Maintaining connected clusters

No system in Ingrid maintains any explicit state about clusters. This is because there are a combinatoric number of clusters, and Ingrid could not scale if it had to maintain any kind of per-cluster information. For instance, cluster boundaries are not labeled, and the only system that may ever explicitly know the full membership of a given cluster is a Navigator that recently fully explored a cluster. FIServers do not know the full membership of a cluster. They only know their neighbor Resource Profiles.

This raises the question of how it is known if a cluster is connected or partitioned. In fact, it is not known. When a Resource Profile X attaches to another Resource Profile Y, the assumption is that, for each term combination that can be generated from Y's terms, Y has successfully joined the corresponding cluster. There is no explicit information, however, that indicates whether or not this is true. Thus, clusters will on occasion be partitioned. How frequent this is in practice, what the practical consequences of it are, and what can be done about it if it is a problem, remains to be seen.

One rule that is required to help maintain cluster connectivity is: A Resource Profile can only attach to Resource Profiles that are "older" than it. This is to prevent dependency loops. For instance, consider the case where, for a given term combination, Resource Profile Z attached to Resource Profile Y, which had attached to X, which had attached to W.


Assume that later, Resource Profile X discovered that Resource Profile Z was a much better match, and that it could replace a number of links, including the one to W, by one link to Z. Z's path connectivity to W, however, depends on X. If X were to remove its link to W and attach to Z, a dependency loop would form (Z-Y-X-Z), and the cluster would become partitioned.

The mechanism for labeling the "age" of Resource Profiles is as follows. Every Resource Profile has a single Join Sequence Number. When a Resource Profile attaches to the Ingrid Topology, it sets its Join Sequence Number to be one higher than that of the neighbor with the highest Join Sequence Number. Subsequently, the Resource Profile cannot attach to another Resource Profile with a higher Join Sequence Number (though Resource Profiles with higher Join Sequence Numbers can of course attach to it).

A note on the Global Single-Term Server (GSTServer)

A new Resource Profile may have term combinations that no other Resource Profile contains. When this happens, there is obviously no existing cluster with that term combination for the new Resource Profile to join. However, because of the new term combination, the corresponding new cluster is created by virtue of the new Resource Profile joining the Ingrid Topology (though the new cluster has only one member). The new Resource Profile has therefore created new points in Ingrid space (or, new locations in the Ingrid topography, however you like to think about it).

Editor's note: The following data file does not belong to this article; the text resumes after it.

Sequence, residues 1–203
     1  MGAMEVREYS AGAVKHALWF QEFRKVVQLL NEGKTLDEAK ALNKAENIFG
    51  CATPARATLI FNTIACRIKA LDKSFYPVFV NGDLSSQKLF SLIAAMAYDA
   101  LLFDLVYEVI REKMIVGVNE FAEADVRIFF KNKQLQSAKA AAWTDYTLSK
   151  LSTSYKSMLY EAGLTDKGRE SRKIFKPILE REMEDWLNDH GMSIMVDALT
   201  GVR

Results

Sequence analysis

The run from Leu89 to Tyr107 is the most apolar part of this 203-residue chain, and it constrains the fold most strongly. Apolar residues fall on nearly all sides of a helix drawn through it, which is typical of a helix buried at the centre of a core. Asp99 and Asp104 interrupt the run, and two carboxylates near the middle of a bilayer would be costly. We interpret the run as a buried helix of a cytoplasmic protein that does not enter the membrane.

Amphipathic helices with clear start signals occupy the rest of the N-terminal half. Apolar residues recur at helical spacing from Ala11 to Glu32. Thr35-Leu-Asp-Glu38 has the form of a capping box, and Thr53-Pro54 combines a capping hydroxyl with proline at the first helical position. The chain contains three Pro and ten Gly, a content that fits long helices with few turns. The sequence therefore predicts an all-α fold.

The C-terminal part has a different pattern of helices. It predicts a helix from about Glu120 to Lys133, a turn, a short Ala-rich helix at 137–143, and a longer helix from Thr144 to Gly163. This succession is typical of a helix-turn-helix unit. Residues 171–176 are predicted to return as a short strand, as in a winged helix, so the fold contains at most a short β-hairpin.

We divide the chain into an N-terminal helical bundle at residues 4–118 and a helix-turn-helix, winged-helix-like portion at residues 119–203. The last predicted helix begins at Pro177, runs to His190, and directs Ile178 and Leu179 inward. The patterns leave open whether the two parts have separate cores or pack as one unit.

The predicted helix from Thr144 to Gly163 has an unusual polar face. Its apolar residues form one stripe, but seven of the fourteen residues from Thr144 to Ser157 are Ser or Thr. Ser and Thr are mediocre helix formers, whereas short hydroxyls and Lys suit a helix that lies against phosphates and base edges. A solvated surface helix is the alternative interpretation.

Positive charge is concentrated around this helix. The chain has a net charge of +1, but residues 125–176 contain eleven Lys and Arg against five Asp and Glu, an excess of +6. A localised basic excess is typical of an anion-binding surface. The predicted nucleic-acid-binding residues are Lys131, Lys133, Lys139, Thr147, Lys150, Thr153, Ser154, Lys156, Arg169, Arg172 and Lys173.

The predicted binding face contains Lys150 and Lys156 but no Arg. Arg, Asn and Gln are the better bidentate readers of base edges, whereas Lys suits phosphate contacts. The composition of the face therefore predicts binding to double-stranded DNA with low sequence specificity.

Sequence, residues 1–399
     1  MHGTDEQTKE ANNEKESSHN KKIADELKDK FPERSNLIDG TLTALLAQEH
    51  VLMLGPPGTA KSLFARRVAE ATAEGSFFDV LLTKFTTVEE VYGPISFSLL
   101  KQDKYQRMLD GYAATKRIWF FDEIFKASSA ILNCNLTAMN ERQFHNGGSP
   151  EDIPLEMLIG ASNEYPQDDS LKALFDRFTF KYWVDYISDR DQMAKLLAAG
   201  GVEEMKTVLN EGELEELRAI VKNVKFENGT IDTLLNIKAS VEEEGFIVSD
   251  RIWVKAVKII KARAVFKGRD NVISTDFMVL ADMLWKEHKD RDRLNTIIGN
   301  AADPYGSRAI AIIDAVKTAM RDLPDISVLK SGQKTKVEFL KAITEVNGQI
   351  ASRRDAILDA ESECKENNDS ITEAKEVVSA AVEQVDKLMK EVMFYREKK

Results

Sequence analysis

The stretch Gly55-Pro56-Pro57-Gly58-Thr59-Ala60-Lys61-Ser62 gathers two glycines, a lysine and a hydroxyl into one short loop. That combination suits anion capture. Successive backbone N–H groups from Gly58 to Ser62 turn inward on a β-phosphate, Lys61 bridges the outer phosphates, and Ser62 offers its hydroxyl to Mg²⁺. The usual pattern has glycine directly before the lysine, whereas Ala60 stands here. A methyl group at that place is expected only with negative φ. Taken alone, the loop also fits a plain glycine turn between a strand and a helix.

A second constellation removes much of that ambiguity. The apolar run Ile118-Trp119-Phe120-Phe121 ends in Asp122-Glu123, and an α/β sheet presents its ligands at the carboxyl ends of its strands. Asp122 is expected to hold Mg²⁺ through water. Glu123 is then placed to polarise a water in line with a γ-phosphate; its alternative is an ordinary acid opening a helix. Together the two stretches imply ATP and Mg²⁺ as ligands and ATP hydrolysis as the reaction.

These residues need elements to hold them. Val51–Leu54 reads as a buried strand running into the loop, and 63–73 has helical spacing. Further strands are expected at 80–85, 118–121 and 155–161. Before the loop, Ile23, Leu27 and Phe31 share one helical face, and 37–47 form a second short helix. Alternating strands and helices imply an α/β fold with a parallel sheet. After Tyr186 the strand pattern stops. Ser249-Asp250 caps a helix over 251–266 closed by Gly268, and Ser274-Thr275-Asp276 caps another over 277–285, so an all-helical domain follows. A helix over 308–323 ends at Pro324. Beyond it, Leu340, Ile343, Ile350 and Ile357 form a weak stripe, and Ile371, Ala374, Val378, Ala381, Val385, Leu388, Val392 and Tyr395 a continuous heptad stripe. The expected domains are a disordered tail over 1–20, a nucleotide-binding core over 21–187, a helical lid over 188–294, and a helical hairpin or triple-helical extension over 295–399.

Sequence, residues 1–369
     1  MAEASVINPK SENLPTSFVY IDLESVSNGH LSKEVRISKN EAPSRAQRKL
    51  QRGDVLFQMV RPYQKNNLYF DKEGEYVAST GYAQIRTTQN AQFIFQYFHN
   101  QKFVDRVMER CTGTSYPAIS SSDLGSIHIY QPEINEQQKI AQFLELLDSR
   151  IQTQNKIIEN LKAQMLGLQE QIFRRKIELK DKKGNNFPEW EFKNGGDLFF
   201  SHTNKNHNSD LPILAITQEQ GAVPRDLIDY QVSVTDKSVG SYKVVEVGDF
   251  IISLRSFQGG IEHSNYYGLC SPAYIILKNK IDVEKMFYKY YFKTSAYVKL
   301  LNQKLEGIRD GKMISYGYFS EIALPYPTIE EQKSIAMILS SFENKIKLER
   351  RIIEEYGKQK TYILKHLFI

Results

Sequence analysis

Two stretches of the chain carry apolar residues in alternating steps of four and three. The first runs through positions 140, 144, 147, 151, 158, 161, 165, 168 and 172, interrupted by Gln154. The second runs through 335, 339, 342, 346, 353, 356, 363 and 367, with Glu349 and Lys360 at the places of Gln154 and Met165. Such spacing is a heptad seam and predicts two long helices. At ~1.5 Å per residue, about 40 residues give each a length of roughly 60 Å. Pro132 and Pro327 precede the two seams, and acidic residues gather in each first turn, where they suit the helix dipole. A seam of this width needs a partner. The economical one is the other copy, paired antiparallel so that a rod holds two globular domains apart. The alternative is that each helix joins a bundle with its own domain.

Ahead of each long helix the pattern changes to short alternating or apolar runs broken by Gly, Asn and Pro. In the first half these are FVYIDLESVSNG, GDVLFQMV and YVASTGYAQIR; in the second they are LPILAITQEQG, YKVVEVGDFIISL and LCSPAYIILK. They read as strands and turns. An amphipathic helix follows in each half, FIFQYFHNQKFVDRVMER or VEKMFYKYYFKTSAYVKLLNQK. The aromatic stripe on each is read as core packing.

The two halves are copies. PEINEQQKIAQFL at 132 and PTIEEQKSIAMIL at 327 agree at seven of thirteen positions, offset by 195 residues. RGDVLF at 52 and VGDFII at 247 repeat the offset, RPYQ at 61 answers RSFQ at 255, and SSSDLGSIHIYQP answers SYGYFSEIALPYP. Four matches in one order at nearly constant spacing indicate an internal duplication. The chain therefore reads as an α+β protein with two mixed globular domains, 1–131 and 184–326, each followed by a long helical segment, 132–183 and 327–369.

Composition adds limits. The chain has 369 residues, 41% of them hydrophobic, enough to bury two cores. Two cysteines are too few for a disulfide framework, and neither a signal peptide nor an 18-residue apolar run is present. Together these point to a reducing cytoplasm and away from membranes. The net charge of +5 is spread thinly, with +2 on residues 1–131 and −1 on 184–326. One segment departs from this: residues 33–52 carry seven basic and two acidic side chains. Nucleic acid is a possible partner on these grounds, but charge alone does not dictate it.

It also may happen that a new Resource Profile has an individual term that no other Resource Profile has. The new Resource Profile will know that it is a new term because the term will not be listed by the GSTServer. Because the new term will exist after the new Resource Profile joins the Ingrid Topology, the GSTServer must be updated with the new term. It is the responsibility of the FIServer that owns the new Resource Profile to insure that the GSTServer obtains the new term.

Essentially, the FIServer tells a GSTServer to add a Forward Information link for that term pointing back to it. The GSTServer will then update its neighbor GSTServers as to the new term, and they will update their neighbors, and so on until all GSTServers have the new Forward Information. (Note that the network of GSTServers will, according to current thinking on the topic, be manually configured as a sparse topology. This is similar to the scheme used by Harvest.)

Browsing the Ingrid Topology

It is well known that keyword-style searching is only a part of the overall searching process. "Relevance feedback" is an important part of any searching process, whether or not it is directly supported by the search mechanism or not. Relevance feedback is where the user indicates to the search system which (key-word) matching resources are in fact good matches. The system then finds resources strongly related to the good matches.

Another useful function of a typical searching system is to suggest alternative terms that the user may use in subsequent searches.

Because related resources are near each other in the Ingrid Topology, both of the above features can be efficiently provided.

For the case of relevance feedback, an Ingrid Navigator can efficiently traverse the links surrounding a selected Resource Profile, returning to the user those Resource Profiles that have the most terms in common with the selected Resource Profile.